7. Financial Statements

These must be complete, accurate and thorough. Each number on your spreadsheets must mean something. Don’t estimate payroll, for instance; determine what it will actually be. Your income statement must reconcile to your cash flow statement, which reconciles to your balance sheet. Your balance sheet must balance at the end of every period. You must have supporting schedules (e.g., depreciation and amortization schedules) to back up your projections.

If you are having trouble building your pro-forma financial models, which should project out for at least five years, seek outside help from a qualified professional.

Use realistic projections. In estimating the growth of your business, you will make certain assumptions, which should be based on thorough industry research combined with a strategy for how you’ll compete. Also, analyze how quickly you’ll achieve positive cash flow. Investors vary in their standards, but most like to see positive cash flow within the first year of operation, particularly if this if your first venture.

In order for your projections to be accurate, you must know your business. If you’ve built an accurate and realistic model, but still project negative cash flow for more than 12 months, rethink your business model.

8. Resumes of Company Principals

Include the bios and professional backgrounds of all significant employees of your business. You will want to emphasize how their backgrounds have prepared them to take on the challenge of running your new startup. Also, if an employee’s business background is in a significantly different industry, you might want to emphasize how this can be an advantage instead of a detriment.

9. Your Offering

Present what level of investment you’re seeking and for what purposes you will use the funds. If you’re selling business units, state the individual price per unit.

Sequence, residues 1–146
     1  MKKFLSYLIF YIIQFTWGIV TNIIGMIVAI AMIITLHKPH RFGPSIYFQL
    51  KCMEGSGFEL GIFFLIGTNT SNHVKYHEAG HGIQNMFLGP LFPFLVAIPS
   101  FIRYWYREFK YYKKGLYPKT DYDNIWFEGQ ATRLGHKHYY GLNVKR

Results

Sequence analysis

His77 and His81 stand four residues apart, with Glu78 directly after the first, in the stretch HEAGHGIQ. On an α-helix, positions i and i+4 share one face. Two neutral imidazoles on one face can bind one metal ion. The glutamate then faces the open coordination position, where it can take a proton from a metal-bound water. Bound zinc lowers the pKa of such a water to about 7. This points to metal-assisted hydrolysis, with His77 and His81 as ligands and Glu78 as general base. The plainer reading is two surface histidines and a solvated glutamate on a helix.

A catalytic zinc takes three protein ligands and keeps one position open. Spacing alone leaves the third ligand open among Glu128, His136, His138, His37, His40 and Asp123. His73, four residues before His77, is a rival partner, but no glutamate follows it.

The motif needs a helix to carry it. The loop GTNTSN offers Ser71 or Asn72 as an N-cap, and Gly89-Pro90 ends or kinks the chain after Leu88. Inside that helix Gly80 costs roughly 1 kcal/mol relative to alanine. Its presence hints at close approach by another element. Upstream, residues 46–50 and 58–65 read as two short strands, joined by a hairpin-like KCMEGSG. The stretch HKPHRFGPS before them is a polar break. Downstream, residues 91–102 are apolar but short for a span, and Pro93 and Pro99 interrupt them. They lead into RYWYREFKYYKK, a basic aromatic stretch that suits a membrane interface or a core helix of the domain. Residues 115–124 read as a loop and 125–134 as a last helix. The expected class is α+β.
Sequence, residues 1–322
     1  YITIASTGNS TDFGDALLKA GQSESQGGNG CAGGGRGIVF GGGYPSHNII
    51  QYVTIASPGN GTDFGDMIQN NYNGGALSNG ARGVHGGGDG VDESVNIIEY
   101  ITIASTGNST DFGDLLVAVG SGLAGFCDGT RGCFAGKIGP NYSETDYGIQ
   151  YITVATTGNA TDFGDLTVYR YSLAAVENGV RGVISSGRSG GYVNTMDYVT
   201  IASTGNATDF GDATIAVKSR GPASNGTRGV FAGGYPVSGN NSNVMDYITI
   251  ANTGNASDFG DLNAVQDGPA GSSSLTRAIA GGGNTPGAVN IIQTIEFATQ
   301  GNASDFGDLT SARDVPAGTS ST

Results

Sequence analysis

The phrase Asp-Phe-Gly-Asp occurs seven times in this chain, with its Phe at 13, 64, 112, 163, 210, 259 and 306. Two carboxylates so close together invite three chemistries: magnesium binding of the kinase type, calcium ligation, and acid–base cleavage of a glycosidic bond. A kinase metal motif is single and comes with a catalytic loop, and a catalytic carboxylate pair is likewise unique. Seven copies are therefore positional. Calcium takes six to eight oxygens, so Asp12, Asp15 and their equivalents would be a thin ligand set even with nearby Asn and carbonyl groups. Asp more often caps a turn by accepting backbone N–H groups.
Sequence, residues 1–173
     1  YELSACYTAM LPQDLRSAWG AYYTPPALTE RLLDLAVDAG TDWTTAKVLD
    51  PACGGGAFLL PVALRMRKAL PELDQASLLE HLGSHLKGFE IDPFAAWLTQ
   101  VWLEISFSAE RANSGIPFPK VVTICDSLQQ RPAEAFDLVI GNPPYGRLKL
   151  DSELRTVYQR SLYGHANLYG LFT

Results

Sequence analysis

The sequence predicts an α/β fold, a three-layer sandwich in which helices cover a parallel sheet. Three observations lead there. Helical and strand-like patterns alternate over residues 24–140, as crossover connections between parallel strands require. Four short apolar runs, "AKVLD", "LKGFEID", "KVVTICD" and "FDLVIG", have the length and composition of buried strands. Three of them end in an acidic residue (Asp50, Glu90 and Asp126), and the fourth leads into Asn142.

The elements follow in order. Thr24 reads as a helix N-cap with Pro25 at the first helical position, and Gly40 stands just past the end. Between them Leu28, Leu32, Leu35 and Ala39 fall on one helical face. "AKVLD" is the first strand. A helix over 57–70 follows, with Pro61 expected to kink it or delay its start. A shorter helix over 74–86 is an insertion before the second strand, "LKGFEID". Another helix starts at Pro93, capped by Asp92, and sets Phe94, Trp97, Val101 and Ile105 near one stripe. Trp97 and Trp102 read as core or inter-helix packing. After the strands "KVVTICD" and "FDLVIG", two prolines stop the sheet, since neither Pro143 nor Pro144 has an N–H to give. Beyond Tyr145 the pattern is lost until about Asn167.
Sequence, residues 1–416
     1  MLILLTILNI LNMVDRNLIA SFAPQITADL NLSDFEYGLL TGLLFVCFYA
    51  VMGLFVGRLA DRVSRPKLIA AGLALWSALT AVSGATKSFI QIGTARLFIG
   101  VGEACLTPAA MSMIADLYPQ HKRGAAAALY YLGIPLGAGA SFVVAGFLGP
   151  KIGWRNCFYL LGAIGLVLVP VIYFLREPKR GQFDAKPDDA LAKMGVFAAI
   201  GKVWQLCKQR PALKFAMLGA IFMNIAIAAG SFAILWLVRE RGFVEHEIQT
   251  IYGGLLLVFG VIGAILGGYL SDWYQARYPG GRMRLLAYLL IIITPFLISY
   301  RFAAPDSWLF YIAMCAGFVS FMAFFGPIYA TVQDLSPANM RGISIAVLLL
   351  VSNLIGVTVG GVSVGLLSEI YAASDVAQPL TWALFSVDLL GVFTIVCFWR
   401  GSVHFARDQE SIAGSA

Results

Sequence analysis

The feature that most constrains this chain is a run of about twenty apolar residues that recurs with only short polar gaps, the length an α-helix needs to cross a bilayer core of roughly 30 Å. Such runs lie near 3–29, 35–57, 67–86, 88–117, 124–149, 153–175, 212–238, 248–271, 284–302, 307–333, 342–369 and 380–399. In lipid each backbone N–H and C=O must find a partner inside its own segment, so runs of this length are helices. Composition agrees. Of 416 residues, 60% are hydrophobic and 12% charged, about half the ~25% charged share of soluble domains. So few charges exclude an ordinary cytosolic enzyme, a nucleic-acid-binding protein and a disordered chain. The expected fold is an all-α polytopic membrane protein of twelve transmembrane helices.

Once you’ve put together all of this key information, make sure to present your plan professionally. It should be typed, margin aligned and neatly bound. Use color graphics and pictures where possible. Do not handwrite changes or corrections. The inside of your business plan should be near book or magazine quality.

10 Professional Help

After you’ve finished your plan, have a professional you trust, such as a Certified Public Accountant (CPA) or Lawyer, banker or insurance broker, look it over. This person may catch details, errors or omissions you’ve made. They also will be able to give you a more objective opinion of the viability of your business.

Once you are aware of how much money you need, you then have to find it. You may have enough yourself via savings or a redundancy payout, however most people are not in this position. If you do not have enough money, you could try and raise money via the family, by seeking a partner or by releasing the equity from your house. There is also the option of a business loan.

The next stage is to market your business

There are many ways of doing this including:

  • The internet via a website
  • An advert in the newspaper or websites
  • Direct marketing in the form of leaflets
  • An advert in the yellow pages
  • Exhibitions
  • Trade fairs
  • social media

I would advise finding out where other people from your industry advertise as they will have tried and tested many of the above options.

You then need to work out how much to charge for your product or service. I always keep these charges fairly low at the outset in order to attract as many people as I can and to get some income in. I then hope that word of mouth will take over and the idea is that after a few months I will be in a position to increase my fees.

It is also important to realise that we will make mistakes along the way. When this happens we need to think positive and not to beat ourselves up. It is an experience we can learn from.

Always have belief in yourself. At times any business will go through a rocky period, this is when we need to be strong. In my opinion the more work we put in, the more rewards we are likely to obtain.

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Self-discipline is one of the keys to your success. Being able to choose your own hours of work may seem like a dream but it can prove to be many peoples downfall. We have to ensure that we work the required amount of hours. It is far too easy to stay in bed for that extra hour or to arrange yet another game of golf. These things are fine once you are established, but this is a long way off at this stage.

If you want to know more about starting your business by minimizing the risks, and using less cash get my Top Resources Report